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Nico
33
Nico 2011.03.22 01:15  

Glad to hear that you finally agree. And thanks for your replies. Maybe I'll stop using IndicatorCounted() in the future (for some reason), but I wanted to understand it fully.

I still wonder why "everyone", including the documentation, decrements counted_bars, though ... If anyone reading this thread has an explanation, I'll all ears.

Thanks.

Ian Venner
2584
Ian Venner 2011.03.22 07:08  
thisone:

SDC: I'm not sure what code you are referring to. Could you please paste the code you have settled with and think is the most convenient?

Result:

13414, 1, 1, 1, 1, 1, 1, 1, 1, 2, 1, 1, 1, 1, 1, 1, 1, 1, 1, 1, 2, 1, 1, 1, 1 ...

No decrementing needed, not matter how much your EA screws up.


The code I use that i found most convenient for general purpose indicator loops is something like this:

extern int MA_Period=20;
extern int MaxHistory=1000;

int init()
  {
   for(int i=0;i<=5;i++)                                 //loop for 5 buffers
    {SetIndexStyle(i,DRAW_LINE);                         //
     if(Bars>MaxHistory+MA_Period)                       //This if else probably needs some
      SetIndexDrawBegin(i,Bars-MaxHistory+MA_Period);    //modification I use it to prevent
     else                                                //erroneous beginning of indicator lines
      SetIndexDrawBegin(i,MA_Period*2);                  //but I feel there is probably better way of doing it
    }
   return(0);
  }

int start()
  {
   int i,limit,counted_bars;
//----
   if(Bars<=MA_Period) return(0);
   counted_bars=IndicatorCounted();
   if(counted_bars<0) return(-1);
   limit=Bars-counted_bars-1;
   if(limit>MaxHistory-1) limit=MaxHistory-1;
//----
   for(i=limit;i>=0;i--)                               //I like to use for(i=limit;i>=0;i--)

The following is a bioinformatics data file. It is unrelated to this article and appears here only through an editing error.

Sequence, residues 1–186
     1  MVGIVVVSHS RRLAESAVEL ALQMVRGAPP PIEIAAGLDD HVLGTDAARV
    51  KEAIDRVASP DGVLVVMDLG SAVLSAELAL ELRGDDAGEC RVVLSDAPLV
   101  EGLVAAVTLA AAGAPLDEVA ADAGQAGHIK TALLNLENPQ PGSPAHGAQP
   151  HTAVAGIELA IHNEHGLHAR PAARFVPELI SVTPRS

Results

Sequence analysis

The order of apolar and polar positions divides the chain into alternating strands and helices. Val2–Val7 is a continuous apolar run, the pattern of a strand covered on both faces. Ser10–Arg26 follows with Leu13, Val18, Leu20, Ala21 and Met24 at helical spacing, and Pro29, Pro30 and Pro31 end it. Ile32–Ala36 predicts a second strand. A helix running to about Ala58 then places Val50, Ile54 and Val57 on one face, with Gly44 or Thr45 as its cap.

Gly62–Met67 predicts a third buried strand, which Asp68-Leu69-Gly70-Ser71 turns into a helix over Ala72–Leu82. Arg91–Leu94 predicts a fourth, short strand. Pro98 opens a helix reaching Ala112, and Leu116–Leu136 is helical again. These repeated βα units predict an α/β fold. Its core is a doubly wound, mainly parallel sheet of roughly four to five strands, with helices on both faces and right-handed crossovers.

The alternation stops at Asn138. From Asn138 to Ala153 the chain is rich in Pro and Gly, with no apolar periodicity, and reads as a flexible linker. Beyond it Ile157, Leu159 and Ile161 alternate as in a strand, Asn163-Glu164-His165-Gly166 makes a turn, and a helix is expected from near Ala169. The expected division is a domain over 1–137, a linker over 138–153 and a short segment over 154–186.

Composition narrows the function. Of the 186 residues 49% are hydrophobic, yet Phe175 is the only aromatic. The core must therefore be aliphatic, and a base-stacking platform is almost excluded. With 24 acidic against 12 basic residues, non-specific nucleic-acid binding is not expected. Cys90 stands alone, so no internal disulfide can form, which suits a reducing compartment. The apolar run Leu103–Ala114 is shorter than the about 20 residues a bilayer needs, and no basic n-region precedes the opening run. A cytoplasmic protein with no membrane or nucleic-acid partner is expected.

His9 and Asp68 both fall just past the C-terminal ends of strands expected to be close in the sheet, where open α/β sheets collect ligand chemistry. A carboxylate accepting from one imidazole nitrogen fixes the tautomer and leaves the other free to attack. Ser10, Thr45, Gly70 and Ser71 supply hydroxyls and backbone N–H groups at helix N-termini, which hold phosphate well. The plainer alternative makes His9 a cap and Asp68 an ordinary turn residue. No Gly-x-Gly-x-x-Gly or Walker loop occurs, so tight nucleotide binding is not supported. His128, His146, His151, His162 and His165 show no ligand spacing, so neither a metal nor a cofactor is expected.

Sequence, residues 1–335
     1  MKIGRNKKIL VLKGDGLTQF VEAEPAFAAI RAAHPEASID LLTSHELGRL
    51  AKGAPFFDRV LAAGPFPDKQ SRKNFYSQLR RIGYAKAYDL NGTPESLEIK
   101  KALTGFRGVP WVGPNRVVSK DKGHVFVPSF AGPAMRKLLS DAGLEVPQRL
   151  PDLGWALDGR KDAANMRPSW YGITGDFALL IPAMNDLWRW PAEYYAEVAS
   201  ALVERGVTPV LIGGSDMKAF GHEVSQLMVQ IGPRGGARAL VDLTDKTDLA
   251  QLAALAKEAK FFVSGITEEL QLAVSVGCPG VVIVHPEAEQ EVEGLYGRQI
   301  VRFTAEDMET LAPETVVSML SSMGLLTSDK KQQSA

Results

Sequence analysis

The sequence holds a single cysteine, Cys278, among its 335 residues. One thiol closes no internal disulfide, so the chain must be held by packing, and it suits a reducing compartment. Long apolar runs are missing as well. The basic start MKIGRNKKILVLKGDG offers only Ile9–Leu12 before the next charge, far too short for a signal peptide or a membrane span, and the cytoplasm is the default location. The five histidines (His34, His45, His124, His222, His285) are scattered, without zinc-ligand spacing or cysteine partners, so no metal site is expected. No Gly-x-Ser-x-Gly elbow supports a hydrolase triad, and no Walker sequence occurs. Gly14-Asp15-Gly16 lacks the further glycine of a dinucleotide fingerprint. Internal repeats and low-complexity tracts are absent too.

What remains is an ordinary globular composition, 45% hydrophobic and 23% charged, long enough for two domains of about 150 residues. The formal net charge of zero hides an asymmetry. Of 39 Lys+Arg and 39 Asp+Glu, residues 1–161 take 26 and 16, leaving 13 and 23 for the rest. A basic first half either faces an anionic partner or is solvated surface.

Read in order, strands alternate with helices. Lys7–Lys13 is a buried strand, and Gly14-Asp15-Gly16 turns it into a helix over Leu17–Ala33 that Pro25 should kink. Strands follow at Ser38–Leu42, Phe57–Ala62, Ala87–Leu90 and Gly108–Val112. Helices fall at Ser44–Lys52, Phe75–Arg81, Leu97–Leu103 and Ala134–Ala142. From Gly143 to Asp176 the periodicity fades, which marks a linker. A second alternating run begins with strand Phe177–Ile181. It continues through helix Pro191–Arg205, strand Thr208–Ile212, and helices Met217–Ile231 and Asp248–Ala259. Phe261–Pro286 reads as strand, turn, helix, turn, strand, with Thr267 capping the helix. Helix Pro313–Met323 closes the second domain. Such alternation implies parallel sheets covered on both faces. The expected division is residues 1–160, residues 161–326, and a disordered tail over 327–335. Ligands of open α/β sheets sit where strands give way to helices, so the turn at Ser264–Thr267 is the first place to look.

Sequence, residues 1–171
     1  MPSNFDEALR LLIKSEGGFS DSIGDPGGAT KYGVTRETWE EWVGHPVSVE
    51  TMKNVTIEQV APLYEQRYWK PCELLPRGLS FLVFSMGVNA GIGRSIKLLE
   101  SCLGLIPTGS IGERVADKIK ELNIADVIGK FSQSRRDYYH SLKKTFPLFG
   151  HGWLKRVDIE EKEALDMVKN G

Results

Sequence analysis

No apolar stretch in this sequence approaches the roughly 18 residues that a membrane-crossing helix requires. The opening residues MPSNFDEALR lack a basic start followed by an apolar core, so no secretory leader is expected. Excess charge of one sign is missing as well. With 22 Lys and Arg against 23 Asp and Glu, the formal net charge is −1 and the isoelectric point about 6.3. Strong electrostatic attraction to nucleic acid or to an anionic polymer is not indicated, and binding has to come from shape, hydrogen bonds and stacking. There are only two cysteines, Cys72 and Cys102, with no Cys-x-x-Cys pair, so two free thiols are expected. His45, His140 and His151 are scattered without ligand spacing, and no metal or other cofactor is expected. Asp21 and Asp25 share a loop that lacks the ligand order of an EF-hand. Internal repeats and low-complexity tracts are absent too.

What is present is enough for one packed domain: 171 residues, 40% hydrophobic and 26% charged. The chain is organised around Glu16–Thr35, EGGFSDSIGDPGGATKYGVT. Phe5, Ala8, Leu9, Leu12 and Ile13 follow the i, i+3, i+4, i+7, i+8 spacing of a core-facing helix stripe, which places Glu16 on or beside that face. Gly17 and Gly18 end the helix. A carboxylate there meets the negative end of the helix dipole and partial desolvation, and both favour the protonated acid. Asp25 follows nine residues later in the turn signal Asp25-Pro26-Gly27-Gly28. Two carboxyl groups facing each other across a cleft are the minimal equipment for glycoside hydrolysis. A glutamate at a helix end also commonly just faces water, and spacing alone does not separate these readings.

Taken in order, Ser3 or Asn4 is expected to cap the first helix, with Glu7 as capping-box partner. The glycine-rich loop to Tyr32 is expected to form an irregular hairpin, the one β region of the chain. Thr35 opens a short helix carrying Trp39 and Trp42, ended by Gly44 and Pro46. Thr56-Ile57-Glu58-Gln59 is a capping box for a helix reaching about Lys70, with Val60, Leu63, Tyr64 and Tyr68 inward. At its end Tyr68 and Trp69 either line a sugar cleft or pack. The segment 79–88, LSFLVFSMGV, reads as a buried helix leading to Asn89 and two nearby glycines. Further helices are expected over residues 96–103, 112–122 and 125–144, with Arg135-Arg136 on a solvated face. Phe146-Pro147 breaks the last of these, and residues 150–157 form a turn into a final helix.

{                                                  //because filling the buffers from old to
     if(i<5) Alert("i= ",i);                           //new allows for buffer[i+1] to be used in
    }                                                  //calculations within the same loop
   return(0);
  }

I would appreciate any comments/improvements regarding the above code

Test output:

There was low volume when I ran that test on the 1 minute chart.

a 1 tick bar at 23:51

a 3 tick bar at 23:52

a 1 tick bar at 23:53

a 2 tick bar at 23:54

but as you can see after the initial history bars are counted, i doesnt go above 1

Nico
33
Nico 2011.03.22 07:32  

Your code does basically the same as mine.

I printed out the amount of bars to count. That's why the result was 1,1,1,1,1, 2,1,1 etc ... Your "limit" variable is not the amount of bars to count, but the amount of bars to count minus one (... 0,0,0,1,0,0,0... ). I.e. it is the index of the first bar to count, which is generally 0 (current bar) or 1 (previous + current).

So we're doing the same thing, and none of us are trying to count more bars than IndicatorCounted() "wants" us to (by decrementing counted_bars).

Please tell me if you ever find out why so many indicators decrement counted_bars. It seems to me that all three persons posting in this thread agree that it's unnecessary.

Ian Venner
2584
Ian Venner 2011.03.22 07:49  

Yes I agree with you there is no point decrementing CountedBars() I didnt realise it was because the CountedBars() function decremented itself though until you pointed it out.

Another thing I could never figure out is why most indicators use for(int i=0; i<limit; i++) some use while(i>=0) but you rarely see one use for(i=limit;i>=0;i--)

whroeder1
14544
whroeder1 2011.03.22 16:02  
  1. This is a point in decrementing CountedBars.
    int cb = CountedBars();
    if (cb != 0) cb--;
    for (int shift = Bars-1-cb; shift>=0; shift--){ ...
    If cb is zero you want to update all bars: Bars-1 .. zero. If cb is non-zero you want to update Bars-cb .. zero. An alternative would be